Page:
Chris Anderson: There are a lot of businesses that are scaled for a million unit or more in markets and if they release a product that sells in the 10,000 units and they pushed it out in their supply chain, that's really costly. I'm not sure that, Intel for example, always looks for billion dollar markets. If I offer Intel a million dollar market, that's huge for me, but it does not move the needle for them. I understand that and I'm not suggesting they should build a factory only to discover that's only a million dollar market, but what I am thinking is that the R&D cost, the product development cost -- the reality is all of us who do product development are guessing. You can focus group and you can whiteboard and you can think all you want, but we're fundamentally guessing and until the product gets in the marketplace we can't know.
Let me tell you a little story, if you'll indulge me. There was a movie a couple years ago called Flash of Genius about a guy who invented the intermittent windshield wiper in this garage, as one does. He then goes to the big car companies and says, "Are you interested?" And they said, "Maybe, yeah." And he said, "Okay. I want to make it and sell it to you." And they're like, "Dude, you don't have a company or a factory." But he says, "I want to do it." So he has to build a factory, build the production lines and hire work force and by the time he's halfway through, they steal his idea and he's driven out of business and insane. The story then gets very dramatic and that's how it comes into a movie. But you look at the same thing today and you say, "What would that inventor do today?" That inventor would come up with the idea, he would then push a couple buttons and then some factories in China that already exist would start making this. And he could say, "Do you want this?" And the company would say, "Yes." He says, "I can sell to you right now. How many do you need?" And they [say], "Well, we're start with 1,000 and we'll scale up," and it would all work brilliantly. And he wouldn't be driven out of business.
That model distributed innovation. Letting the community sort of invent products, try them out at small scale, figure out the bugs, whether there is real demand, and then use the big company's power to scale them up to mass markets. That feels about right. I talk a lot about Lego; that's a company -- I'm on one of their Advisory Boards and Lego has been very good at tapping their sort of passionate enthusiast community to develop products and then use that experience to help create official Lego products, to help create evangelism for official Lego products and to ensure that an official Lego products are better at no cost to Lego.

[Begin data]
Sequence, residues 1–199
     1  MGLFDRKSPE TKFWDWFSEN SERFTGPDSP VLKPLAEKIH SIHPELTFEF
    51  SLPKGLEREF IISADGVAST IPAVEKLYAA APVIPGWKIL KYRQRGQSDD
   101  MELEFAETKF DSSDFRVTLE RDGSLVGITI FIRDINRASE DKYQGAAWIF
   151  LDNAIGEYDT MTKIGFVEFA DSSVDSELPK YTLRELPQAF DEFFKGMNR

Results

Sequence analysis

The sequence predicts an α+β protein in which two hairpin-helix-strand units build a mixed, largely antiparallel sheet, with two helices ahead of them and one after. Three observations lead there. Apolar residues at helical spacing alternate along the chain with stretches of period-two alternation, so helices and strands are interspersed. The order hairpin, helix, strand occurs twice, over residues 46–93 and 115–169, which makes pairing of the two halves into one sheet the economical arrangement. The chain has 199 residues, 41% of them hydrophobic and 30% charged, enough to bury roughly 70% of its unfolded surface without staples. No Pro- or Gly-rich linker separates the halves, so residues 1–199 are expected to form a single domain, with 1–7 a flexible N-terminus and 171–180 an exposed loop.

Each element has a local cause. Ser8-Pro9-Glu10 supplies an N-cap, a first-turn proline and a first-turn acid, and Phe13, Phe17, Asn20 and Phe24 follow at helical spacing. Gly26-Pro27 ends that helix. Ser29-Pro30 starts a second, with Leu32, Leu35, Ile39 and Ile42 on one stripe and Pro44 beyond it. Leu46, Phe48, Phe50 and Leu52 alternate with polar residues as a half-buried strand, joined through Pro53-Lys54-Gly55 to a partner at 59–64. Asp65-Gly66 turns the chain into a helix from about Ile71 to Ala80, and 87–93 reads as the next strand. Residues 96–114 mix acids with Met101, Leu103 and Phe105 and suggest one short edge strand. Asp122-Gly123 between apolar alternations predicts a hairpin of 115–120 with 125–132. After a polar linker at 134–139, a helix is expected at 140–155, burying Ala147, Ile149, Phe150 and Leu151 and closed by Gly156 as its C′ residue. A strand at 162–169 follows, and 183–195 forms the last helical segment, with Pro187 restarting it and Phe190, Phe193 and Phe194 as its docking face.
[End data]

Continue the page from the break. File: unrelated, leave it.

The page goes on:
I mean, there clearly are limits, but we've just scratched the surface. Right now we're in an era in America where a couple things are clear. First of all, we need to create jobs. Second of all, Detroit's model is in decline. So here's a test. This is the way I think about something: if this is real, if this is big, if this is sort of a real game-changer, then it should work not just on the Internet, but in Detroit. Can you rebuild the car industry along these lines? Obviously the answer is not clear yet, but it's been interesting to watch the experiments. On some level, you've got the Silicon Valley entrepreneurial model with Tesla and Fisker, etc., but you're now starting to see really long tail -- a company called Local Motors out of Boston, which is exactly this model. They're creating units of one, two, etc. You build your own car but they make it so easy for you that you don't need a welding torch or anything much more than a wrench. They Open Source the platform so you can get a car, you can build a car -- it's easy -- you can maintain the car. You can say here’s a feature I’d like this car to have. You can develop it. They’ll find ways to produce it for you to sell to other people who have these cars. Again, it’s not going to replace Detroit but it’s interesting to see that there does seem to have some application model even to the most traditional big manufacturing industries as cars.